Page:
The warm rays of the sun were unbearable against her sticky skin and she couldn’t wait to get inside. Bounding up the porch steps, she clucked her tongue in annoyance as her tennis shoes scuffed the top step. Recovering her balance, she unlocked the front door and entered. A sweet aroma tickled her nostrils as she stepped into the lobby and she smiled, recognizing her favorite treat baking in the kitchen. It meant only one thing. Her mom was home early. “Hey Mom!” she called out, dropping her backpack on the bench near the door.
She could hear her mother’s voice and followed it to the kitchen, pausing at the door to watch her mother pace the kitchen, the house phone propped on her shoulder. Brow raised as her mother waved at her distractedly, she shrugged and made a beeline for the freshly-baked macadamia-nut cookies on the island counter. Sneaking a glance at her mother who had her back turned, she quickly picked up a warm cookie to her mouth.
“It’s such a pity…” her mother lamented, glaring at her daughter now stuffing her mouth with the cookie. Rolling her eyes at her daughter’s smile, she continued her pacing. “To get pregnant out of wedlock… God forbid.” She clucked her tongue piteously.
Slowing her chewing, Keziah watched her mother pause to lean against the counter, all the while wondering who had earned her mother’s disappointment and distaste. The sweet aroma of the cookies pulled her from her mother’s concern and with a pleased grin, she reached for another cookie.
Keziah’s eyes snapped open and she stared at the shadowed tiles of the ceiling, lying immobile in her bed. Her mother’s disappointed expression from a distant memory now faced her, plagued her with every waking moment. No longer was it just some pitiful youth that had lost her way, but her own daughter. There was no way her mother could hold her head up high now. And it was all her fault.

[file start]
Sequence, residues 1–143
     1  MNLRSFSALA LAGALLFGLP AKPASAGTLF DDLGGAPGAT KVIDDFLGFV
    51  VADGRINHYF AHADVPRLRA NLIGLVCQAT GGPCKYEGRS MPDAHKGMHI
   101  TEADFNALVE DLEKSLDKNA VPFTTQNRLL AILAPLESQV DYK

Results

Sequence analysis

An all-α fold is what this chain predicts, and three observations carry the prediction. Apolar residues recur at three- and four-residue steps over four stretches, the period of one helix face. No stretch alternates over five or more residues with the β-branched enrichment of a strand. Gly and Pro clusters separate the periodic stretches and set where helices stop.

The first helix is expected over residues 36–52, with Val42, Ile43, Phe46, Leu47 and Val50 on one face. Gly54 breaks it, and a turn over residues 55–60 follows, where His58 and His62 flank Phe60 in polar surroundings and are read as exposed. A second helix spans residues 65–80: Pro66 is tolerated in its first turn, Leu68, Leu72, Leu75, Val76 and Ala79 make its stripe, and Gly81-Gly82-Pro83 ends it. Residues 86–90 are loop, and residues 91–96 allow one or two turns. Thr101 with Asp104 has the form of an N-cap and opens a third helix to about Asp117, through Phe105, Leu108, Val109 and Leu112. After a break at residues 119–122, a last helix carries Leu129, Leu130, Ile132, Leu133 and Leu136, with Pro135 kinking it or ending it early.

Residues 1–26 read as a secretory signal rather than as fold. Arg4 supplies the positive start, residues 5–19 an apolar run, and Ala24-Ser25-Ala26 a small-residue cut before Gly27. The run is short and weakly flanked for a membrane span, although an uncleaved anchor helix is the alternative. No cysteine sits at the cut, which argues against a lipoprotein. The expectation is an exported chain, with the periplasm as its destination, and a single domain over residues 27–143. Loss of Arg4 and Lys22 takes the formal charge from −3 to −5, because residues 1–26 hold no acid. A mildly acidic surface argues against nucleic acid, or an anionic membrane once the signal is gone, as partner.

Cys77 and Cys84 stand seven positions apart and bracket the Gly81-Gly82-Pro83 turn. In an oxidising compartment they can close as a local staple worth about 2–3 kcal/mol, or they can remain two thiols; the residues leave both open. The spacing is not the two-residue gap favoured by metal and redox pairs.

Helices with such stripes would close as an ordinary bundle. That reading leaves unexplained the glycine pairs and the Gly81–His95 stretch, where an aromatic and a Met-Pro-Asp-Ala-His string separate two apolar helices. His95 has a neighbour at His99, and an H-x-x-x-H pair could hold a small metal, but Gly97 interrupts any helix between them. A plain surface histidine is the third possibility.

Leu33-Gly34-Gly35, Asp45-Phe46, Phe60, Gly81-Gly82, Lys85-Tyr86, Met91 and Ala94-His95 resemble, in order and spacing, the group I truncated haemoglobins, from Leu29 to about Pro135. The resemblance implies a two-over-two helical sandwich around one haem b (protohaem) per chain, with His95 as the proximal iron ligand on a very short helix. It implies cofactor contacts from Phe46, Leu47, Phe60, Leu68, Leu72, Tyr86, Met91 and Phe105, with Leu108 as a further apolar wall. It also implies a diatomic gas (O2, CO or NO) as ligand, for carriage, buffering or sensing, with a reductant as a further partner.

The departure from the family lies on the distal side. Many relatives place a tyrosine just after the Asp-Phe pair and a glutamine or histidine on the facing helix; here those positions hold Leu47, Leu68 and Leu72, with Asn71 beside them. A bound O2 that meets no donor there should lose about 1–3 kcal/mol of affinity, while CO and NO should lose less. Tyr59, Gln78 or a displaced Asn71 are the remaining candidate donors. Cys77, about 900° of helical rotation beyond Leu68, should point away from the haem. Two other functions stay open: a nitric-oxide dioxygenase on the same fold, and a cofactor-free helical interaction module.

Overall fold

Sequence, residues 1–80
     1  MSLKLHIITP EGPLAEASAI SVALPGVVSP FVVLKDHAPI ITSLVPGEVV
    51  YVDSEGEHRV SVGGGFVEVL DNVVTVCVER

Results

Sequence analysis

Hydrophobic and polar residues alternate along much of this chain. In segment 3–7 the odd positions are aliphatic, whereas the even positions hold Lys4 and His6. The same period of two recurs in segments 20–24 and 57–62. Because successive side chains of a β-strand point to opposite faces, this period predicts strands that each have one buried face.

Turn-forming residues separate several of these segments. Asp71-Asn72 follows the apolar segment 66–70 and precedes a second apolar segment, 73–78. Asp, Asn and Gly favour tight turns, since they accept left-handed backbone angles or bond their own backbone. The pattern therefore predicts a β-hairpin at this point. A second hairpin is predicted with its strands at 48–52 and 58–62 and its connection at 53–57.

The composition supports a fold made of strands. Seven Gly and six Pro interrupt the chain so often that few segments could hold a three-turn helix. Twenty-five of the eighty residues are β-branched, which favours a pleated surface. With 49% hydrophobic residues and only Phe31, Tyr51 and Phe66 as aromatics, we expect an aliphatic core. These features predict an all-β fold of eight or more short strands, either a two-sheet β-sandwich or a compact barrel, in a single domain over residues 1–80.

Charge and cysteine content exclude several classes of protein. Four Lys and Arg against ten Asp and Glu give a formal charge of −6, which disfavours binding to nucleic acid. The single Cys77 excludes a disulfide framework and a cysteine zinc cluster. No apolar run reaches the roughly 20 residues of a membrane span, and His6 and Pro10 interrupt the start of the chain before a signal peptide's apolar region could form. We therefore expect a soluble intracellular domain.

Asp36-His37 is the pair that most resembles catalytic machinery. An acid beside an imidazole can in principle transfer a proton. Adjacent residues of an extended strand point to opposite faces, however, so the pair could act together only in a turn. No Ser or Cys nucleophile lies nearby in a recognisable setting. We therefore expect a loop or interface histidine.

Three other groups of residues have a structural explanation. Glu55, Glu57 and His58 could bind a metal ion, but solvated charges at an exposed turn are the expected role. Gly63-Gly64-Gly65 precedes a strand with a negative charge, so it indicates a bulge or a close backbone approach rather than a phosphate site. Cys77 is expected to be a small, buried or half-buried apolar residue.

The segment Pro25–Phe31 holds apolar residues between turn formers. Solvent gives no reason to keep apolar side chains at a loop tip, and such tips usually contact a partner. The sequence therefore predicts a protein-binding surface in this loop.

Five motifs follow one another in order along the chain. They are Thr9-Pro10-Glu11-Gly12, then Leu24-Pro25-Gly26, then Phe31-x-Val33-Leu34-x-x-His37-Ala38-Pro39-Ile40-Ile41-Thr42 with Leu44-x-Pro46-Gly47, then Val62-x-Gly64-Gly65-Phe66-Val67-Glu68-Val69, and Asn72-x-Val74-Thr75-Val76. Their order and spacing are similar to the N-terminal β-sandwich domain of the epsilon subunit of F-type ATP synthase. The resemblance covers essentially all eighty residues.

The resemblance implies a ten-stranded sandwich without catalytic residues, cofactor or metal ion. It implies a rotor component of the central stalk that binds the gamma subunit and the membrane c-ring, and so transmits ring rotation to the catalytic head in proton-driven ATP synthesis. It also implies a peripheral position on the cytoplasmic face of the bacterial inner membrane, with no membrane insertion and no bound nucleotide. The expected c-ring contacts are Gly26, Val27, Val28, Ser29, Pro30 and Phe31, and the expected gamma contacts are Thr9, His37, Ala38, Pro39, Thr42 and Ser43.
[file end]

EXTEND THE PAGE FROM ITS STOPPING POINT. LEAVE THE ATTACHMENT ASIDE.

Blinking back the tears that threatened to spill down her cheeks, Keziah shifted slowly to her side and stared listlessly at the wall. Pregnant out of wedlock. The words poked at her bruised heart, cloaked her until she couldn’t breathe easy.
Keziah stiffened as something shifted in the shadows and she squeezed her eyes shut, gripping the blanket that she tossed in her fitful sleep. Her lips strained to speak, to utter something but no words came.
Jay jerked awake and stared at the darkness, his body quaking. He released a haggard breath and bent forward, holding his head in his hands. Shaken visibly from his dream, Jay closed his eyes and muttered a soft prayer for the tremors to cease. It’d been a while since he’d had that dream and it only came on him when he was unsettled, dissatisfied.
Shaking off the quaking, Jay kicked off the covers and stood to his feet. Rubbing his face to clear off the sleep, he ambled to the desk by his window and turned on the lamp. The light flooded the room and his eyes fell on the Bible tucked on the shelf. Tugging it from its nook, Jay flipped open the pages and leaned back against his chair to read.
Somehow, he’d thought reading the Bible through the night would help his insomnia. Something about reading through Numbers always had a way of lulling him to a deep sleep. Not this time. Instead, he begrudgingly put the Bible on the pillow beside him and stared at the ceiling. The guilt of his nightmare gnawing at his conscience till the first bird’s tweeting at his windows.
He lay in bed, still staring at the ceiling through bleary eyes, listening to his parents moving around across the hall. The pipes creaked as they got ready for the day, his father’s deep voice mixing with his mother’s. Jayson groaned as he heard footsteps approaching, knowing it had to be his mother. A soft but firm knock to which he didn’t bother to answer, grateful that he’d locked the door before she had a chance to check to see if he was awake.